The Hateful Eight: Target Exclusive (DVD/ Blu-ray Comparison)

Quentin Tarantino's Academy Award winning The Hateful Eight on DVD and Blu-ray.  This is it?  There's just the one, practically barebones edition of the shorter, theatrical cut out there?  Even internationally?  Where's the fancy, six-disc, boxed in an authentic, working stagecoach edition?  There's got to be something out there, some smarter buy, some fancy collector's edition.  Well, there is the Target exclusive edition with its own bonus disc; that's a little bit better.
If you slept through 2015, The Hateful Eight is Tarantino's latest and supposedly eighth film.  I mean, lord knows how you'd come to all of that.  Even assuming we only mean his films as director, as opposed to writer, producer and/or actor (sorry, Destiny Turns On the Radio), so no True Romance or From Dusk Till Dawn, it still leaves a lot of questions.  Do Four Rooms or Sin City count?  Or not, because they're only partially directed by him?  If partials don't count, what about Grindhouse?  He only directed half (less if you count the fake trailers) of that one, but maybe Death Proof counts on its own?  And it's probably safe to assume pre-Reservoir Dogs juvenilia doesn't count, but how about Kill Bill?  Is that one or two?  I feel like the books had to be cooked a little to arrive at this cutesy Eight is eighth heading; it was a little more straight-forward in Fellini's case, but let's just let him have it.
Anyway, The Hateful Eight has some of Tarantino's usual depictions of excessive violence (thanks to Greg Nicotero), but for the most part it's a light, Western whodunit.  Kurt Russell is a bounty hunter escorting his convict, Jennifer Jason Leigh, to the hangman.  But he gets waylaid at a small in during a massive blizzard with a colorful rogues gallery, some or all of whom might secretly be there to take his prisoner.  As a light entertainment, it's pretty long and self-indulgent, but that's Tarantino for you.  Anyway, it's masterfully done enough that it keeps you hanging on to every second.  Beautiful, 70mm photography, a fantastic cast full of Tarantino regulars like Samuel Jackson, Michael Madsen and Tim Roth, and a score by Ennio Morricone.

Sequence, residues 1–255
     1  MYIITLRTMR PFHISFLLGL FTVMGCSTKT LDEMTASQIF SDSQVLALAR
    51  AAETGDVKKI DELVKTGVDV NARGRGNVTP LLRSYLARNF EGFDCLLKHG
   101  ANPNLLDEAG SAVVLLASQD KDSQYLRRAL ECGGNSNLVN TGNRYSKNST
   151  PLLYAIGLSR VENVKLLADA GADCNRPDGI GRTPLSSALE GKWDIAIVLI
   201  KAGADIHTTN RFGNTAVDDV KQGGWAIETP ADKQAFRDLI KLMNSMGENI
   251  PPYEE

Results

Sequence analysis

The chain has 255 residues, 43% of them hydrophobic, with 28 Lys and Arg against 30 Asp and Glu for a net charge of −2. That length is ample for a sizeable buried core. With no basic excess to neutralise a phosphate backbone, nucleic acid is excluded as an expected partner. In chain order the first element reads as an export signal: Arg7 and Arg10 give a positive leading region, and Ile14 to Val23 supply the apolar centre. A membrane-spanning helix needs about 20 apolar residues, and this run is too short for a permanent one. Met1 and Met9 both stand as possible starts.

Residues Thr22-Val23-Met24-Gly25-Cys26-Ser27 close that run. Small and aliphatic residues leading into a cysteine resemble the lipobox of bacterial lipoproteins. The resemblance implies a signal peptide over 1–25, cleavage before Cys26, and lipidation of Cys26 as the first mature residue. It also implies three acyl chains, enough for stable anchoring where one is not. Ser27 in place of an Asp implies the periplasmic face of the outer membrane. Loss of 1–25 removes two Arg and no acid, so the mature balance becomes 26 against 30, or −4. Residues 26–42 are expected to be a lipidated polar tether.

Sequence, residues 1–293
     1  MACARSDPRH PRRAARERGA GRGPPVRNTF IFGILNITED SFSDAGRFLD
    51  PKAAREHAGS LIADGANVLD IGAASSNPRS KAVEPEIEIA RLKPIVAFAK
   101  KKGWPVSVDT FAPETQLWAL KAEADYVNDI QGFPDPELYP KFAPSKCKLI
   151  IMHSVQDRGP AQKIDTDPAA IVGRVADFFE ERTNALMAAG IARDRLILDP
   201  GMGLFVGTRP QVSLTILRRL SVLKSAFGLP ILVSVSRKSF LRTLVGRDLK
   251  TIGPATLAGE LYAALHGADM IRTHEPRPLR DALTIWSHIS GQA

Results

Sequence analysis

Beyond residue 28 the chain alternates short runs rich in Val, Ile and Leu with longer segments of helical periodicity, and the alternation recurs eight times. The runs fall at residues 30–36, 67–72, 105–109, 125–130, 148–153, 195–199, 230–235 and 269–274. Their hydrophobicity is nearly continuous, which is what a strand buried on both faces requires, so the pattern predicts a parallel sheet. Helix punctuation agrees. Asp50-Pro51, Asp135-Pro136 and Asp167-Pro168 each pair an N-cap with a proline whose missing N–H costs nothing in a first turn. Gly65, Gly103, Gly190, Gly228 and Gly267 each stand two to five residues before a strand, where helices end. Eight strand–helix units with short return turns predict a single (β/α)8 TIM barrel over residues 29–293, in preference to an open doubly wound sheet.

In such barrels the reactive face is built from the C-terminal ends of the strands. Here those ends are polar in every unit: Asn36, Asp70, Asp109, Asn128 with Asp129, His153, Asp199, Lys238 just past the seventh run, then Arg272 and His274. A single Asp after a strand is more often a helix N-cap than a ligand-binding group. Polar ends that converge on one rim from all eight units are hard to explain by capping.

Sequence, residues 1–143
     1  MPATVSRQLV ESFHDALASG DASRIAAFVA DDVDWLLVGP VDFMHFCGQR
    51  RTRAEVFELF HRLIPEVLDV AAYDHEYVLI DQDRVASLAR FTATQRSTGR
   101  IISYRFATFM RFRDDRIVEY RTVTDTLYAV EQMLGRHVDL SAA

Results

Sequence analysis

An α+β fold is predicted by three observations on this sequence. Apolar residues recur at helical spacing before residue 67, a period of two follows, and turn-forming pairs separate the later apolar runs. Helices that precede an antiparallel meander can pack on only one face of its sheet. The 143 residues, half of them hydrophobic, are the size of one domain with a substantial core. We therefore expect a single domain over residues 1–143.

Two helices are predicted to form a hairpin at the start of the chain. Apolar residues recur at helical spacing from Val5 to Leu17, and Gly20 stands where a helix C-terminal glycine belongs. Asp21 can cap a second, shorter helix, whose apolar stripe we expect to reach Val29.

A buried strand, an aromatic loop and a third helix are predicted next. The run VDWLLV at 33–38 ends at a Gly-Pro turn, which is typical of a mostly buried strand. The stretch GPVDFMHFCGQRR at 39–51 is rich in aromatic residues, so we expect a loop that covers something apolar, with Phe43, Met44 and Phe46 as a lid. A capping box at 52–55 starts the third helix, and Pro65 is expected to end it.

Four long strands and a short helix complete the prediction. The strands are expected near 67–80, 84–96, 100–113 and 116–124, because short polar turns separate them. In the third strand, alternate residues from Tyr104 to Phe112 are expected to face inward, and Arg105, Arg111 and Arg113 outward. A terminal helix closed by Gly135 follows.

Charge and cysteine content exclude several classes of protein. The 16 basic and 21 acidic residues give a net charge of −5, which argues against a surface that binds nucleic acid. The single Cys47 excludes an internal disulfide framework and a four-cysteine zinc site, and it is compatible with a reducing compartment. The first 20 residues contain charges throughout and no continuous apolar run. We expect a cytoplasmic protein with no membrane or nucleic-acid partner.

If you've been following this film, then you should know there's an alternate, even longer cut of this film, called The Roadshow version - so called because Tarantino was touring with a 70mm print of this film.  The film as released, and the one that played in most theaters across the country, is almost three hours, but the Roadshow version is over three.  Now, a large chunk of that time came be accounted for by an overture and intermission in the Roadshow version, but there are also extended and exclusive scenes in that cut.  So where's that version on home video?  Nowhere.
And seeing as this film went to great expense to film on 70mm, it's surprising there's no 4k UltraHD disc.  Plus, with only two tiny featurettes for extras, is this a release to skip?  Is it like Nymphomaniac, where the full, director's cut would come follow it up just a few months later?  Or like The Hobbit movies, where they hold onto the extended cuts with all the better extras for half a year, after letting all the suckers by the theatrical versions first?  Is a Criterion edition just around the corner?  Well, maybe; but it's been a while now and there haven't been any signs yet.  Tarantino might want to preserve the exclusive nature of his theatrical prints forever, and this might just be the best edition we'll ever get.  Maybe.  Who knows with Tarantino.  Let's just see what's available now.
Anchor Bay 2015 DVD on top, and their blu-ray below.